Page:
BEWARE OF EXPENSIVE LOANS DISGUISHED AS "INSTANT" TAX REFUNDS
Attorney General Lockyer warns Californians to beware of high-interest loans disguised as "instant" or "rapid" tax refunds. Lockyer says some storefront tax preparers are enticing consumers with offers of quick refund cash that really are short-term loans that can carry annual interest rates of more than 700 percent.
These so-called refund anticipation loans may require consumers to pay fees for tax preparation, electronic filing and check cashing for the so-called benefits. The Attorney General urges families who may be eligible for the federal Earned Income Tax Credit to check out free tax assistance programs in their communities before paying to have their returns prepared. To find out if you qualify for free assistance, call toll-free 1-800-829-1040. More Information.
Consumers who believe they have been victimized by a tax return preparer can file an on-line complaint or mail your complaint information to the Attorney General's Office at P.O. Box 944255, Sacramento, CA 94244-2550.
HEALTH AND NUTRITION GRANTS AVAILABLE
In response to Attorney General Lockyer's call for proposals, nearly 360 inquiries and 75 Letters of Intent have been received. Applications were solicited from eligible nonprofit organizations and public agencies to improve the health and nutrition of consumers in California. Grants totaling some $800,000 are being made available under the settlement agreement with the Salton Corporation over alleged price-fixing of George Foreman contact grills popularly seen advertised in television commercials.
Because of the difficulty and expense of determining individual refunds to consumers who were harmed by the business practices, the settlement proposes to use the consumer product price-fixing settlement to benefit the public generally. The one-year grants to advance health or nutrition-related causes will range from $75,000 to $150,000. Notice and Letter of Intent Form.
SPAM SCAM - SPOOFING YOU OUT OF PERSONAL INFO
Consumers should be on the alert for more sophisticated "spoof" e-mails that trick unwary and unsuspecting Internet users into giving personal information that can be used to drain bank accounts, fraudulently get credit cards and commit other crimes. More Information.
From time to time, e-mail is circulated to consumers on credit information and privacy which appears to be well-intentioned, but unfortunately contains several inaccuracies regarding steps you can take to protect your credit information. Here are some Basic Facts on your rights to opt out of the sharing of your consumer information by credit bureaus and financial institutions. Additional information on privacy issues is available from the Federal Trade Commission and such groups as the Privacy Rights Clearinghouse.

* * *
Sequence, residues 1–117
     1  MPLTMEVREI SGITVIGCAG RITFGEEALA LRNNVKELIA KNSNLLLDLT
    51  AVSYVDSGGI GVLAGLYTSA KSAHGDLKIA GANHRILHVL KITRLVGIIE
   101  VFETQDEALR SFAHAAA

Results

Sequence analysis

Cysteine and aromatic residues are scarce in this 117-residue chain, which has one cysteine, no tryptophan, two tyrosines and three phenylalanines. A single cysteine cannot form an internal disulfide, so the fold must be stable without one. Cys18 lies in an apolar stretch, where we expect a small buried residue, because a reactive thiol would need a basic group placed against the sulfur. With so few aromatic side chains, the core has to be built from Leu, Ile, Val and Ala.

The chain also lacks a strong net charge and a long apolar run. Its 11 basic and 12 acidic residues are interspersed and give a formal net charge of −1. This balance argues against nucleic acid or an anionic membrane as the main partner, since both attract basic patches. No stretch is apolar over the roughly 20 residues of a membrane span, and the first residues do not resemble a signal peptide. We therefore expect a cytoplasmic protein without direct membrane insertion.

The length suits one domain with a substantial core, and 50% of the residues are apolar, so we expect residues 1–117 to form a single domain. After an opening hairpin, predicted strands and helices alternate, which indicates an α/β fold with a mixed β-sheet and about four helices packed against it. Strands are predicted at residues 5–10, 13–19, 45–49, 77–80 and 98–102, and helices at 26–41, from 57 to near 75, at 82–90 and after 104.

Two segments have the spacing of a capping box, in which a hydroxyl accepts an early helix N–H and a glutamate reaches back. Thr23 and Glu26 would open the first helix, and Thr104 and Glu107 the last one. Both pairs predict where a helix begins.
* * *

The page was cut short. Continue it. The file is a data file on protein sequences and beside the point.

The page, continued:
ATTORNEY GENERAL LOCKYER ISSUES WARNING ON "LIVING TRUST MILLS"
California consumers should be on the alert for con artists operating "living trust mills" that fraudulently sell annuities and trusts to senior citizens. Attorney General Lockyer says consumers in these scams end up paying a lot of money to sales agents for living trusts that really aren't in the best interest of the consumer.
In preying on the elderly, so-called investment agents make consumers believe the money they have in the bank and their current investments would be safer if handled by the sales agent. These sales agents often pretend to be experts in living trusts to give themselves a cloak of legitimacy. They frequently work in assisted living centers, churches and other places where seniors gather, hooking elderly victims through free seminars and other sales presentations.
Attorney General Lockyer won the state's first-ever anti-spam lawsuit against a California company found to have violated laws prohibiting unsolicited commercial e-mail, false advertising and unfair business practices.
Lockyer encouraged Californians who believe they have received spam to file complaints with the Attorney General's Office and to send examples to the Attorney General's Office.
Californians who receive spam at their email addresses can send examples to the Attorney General's Office at firstname.lastname@example.org. The Attorney General's Office is looking for examples of spam e-mails particularly from persons operating in California. While obtaining valuable leads from spam posted in various newsgroups and mailing lists, the Attorney General's Office is seeking certain examples directly from individuals who would be prepared to verify, in a written statement under oath, information about the spam they received. Examples we want.